the visible hand

it is the theory which decides what can be observed – einstein

The answer is blowing in the wind…

Posted by ecoshift on February 23, 2008

Sandwiched in the middle of this article about Texas wind farms is the news that foreign companies own two thirds of the wind power projects under construction in Texas. Implicit in the Texas model: the US, the “leader of the free world”, has to turn to foreign capital and expertise to build clean tech projects on home soil. Guess we’d better learn to follow.

“Stupid is as stupid does.”
— Forrest Gump


Move Over, Oil, There’s Money in Texas Wind – New York Times
By CLIFFORD KRAUSS
Published: February 23, 2008

SWEETWATER, Tex. — The wind turbines that recently went up on Louis Brooks’s ranch are twice as high as the Statue of Liberty, with blades that span as wide as the wingspan of a jumbo jet. More important from his point of view, he is paid $500 a month apiece to permit 78 of them on his land, with 76 more on the way.

“That’s just money you’re hearing,” he said as they hummed in a brisk breeze recently.

Texas could be a model for the entire nation,” said Patrick Woodson, a senior development executive with E.On, a German utility operating here.

The quaint windmills of old have been replaced by turbines that stand as high as 20-story buildings, with blades longer than a football field and each capable of generating electricity for small communities. Powerful turbines are able to capture power even when the wind is relatively weak, and they help to lower the cost per kilowatt hour.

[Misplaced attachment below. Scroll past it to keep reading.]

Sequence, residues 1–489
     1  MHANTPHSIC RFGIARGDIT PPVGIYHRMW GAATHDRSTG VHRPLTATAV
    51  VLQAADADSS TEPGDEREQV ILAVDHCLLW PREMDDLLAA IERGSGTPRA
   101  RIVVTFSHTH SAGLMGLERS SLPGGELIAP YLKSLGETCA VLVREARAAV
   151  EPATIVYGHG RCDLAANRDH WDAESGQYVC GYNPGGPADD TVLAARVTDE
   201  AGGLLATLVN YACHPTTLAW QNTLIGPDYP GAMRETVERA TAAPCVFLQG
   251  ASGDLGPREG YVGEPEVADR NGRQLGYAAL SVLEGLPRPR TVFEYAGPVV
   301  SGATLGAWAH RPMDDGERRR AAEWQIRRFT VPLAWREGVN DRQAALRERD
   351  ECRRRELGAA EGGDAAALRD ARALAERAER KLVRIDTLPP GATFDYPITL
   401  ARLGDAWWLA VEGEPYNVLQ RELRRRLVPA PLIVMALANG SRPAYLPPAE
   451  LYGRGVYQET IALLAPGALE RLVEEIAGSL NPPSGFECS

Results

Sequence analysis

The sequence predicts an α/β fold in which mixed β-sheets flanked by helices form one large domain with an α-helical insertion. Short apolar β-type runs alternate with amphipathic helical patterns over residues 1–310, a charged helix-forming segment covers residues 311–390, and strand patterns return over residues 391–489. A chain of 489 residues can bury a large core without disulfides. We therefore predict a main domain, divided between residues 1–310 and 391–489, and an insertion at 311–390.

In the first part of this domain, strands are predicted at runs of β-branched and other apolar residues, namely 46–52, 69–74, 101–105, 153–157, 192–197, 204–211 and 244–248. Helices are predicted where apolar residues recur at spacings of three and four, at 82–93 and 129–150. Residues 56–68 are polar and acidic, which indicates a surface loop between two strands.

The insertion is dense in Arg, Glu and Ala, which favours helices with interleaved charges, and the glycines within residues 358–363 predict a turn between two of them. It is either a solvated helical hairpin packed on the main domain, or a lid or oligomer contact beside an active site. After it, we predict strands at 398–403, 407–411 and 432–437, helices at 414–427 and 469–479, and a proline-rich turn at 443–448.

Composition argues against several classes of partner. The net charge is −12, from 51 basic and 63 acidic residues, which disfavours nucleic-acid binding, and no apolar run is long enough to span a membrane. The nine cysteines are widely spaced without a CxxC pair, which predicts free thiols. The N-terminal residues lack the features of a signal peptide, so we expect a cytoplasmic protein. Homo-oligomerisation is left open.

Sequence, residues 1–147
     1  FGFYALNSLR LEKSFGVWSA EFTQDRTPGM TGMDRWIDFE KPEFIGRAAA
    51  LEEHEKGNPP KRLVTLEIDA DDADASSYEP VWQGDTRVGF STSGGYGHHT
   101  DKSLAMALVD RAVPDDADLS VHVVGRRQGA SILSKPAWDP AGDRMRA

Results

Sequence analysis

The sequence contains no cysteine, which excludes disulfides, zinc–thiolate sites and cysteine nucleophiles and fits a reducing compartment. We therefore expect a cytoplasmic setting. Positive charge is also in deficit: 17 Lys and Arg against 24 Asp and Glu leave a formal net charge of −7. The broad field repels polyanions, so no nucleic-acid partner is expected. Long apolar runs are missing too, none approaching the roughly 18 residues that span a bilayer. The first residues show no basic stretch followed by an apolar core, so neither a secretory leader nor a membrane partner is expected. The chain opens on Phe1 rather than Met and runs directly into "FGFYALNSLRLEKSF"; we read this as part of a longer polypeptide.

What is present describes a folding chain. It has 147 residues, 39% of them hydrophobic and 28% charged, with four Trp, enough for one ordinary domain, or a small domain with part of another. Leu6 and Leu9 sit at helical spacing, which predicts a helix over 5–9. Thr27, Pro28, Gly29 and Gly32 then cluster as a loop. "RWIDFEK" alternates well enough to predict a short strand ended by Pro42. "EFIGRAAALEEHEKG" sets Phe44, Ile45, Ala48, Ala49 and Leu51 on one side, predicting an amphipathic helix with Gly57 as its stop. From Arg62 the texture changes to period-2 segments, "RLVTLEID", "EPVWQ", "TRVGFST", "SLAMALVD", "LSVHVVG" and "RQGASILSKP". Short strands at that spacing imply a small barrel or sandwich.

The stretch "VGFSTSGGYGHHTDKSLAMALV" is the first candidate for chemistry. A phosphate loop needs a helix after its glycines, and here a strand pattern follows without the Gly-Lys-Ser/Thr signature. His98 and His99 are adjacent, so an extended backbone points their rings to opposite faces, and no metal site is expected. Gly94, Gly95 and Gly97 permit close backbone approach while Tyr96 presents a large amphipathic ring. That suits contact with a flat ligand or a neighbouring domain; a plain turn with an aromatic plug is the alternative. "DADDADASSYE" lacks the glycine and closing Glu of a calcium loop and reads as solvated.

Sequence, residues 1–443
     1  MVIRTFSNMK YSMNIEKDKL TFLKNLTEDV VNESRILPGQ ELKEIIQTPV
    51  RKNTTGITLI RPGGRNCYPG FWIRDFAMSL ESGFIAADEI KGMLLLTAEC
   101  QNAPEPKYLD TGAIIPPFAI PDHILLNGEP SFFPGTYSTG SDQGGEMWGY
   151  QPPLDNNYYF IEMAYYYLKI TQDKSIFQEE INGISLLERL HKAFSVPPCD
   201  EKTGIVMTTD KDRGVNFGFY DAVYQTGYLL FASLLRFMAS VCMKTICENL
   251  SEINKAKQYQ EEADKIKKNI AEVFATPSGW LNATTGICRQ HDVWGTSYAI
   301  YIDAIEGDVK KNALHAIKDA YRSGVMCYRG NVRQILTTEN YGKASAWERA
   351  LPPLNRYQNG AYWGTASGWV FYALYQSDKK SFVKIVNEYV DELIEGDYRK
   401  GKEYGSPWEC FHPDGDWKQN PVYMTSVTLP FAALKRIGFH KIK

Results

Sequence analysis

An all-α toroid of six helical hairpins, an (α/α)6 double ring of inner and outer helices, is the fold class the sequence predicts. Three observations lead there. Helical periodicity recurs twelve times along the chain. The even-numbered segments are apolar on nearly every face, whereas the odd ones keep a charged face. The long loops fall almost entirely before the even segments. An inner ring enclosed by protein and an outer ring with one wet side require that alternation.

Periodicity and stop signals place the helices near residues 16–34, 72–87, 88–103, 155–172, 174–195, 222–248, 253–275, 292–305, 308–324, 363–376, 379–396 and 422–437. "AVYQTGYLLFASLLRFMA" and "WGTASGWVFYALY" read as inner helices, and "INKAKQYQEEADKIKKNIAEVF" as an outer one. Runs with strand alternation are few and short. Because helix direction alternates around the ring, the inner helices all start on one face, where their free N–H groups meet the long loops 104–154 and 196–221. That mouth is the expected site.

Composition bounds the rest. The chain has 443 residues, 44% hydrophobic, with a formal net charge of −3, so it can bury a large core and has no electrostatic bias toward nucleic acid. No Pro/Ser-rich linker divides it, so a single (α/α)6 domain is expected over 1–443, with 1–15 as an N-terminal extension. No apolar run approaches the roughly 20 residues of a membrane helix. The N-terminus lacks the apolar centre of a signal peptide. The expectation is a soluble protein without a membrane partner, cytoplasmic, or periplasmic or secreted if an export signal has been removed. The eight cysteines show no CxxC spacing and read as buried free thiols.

Much of the boom in the United States is being driven by foreign power companies with experience developing wind projects, including Iberdrola of Spain, Energias de Portugal and Windkraft Nord of Germany. Foreign companies own two-thirds of the wind projects under construction in Texas.
[emphasis added]

It has dawned on many Texans in recent years that wind power, whatever its other pros and cons, represents a potent new strategy for rural economic development.

Since the wind boom began a few years ago, the total value of property here in Nolan County has doubled, and the county judge, Tim Fambrough, estimated it would increase an additional 25 percent this year. County property taxes are going down, home values are going up and the county has extra funds to remodel the courthouse and improve road maintenance.

“Wind reminds us of the old oil and gas booms,” Mr. Fambrough said.

Teenagers who used to flee small towns like Sweetwater after high school are sticking around to take technical courses in local junior colleges and then work on wind farms. Marginal ranches and cotton farms are worth more with wind turbines on them.

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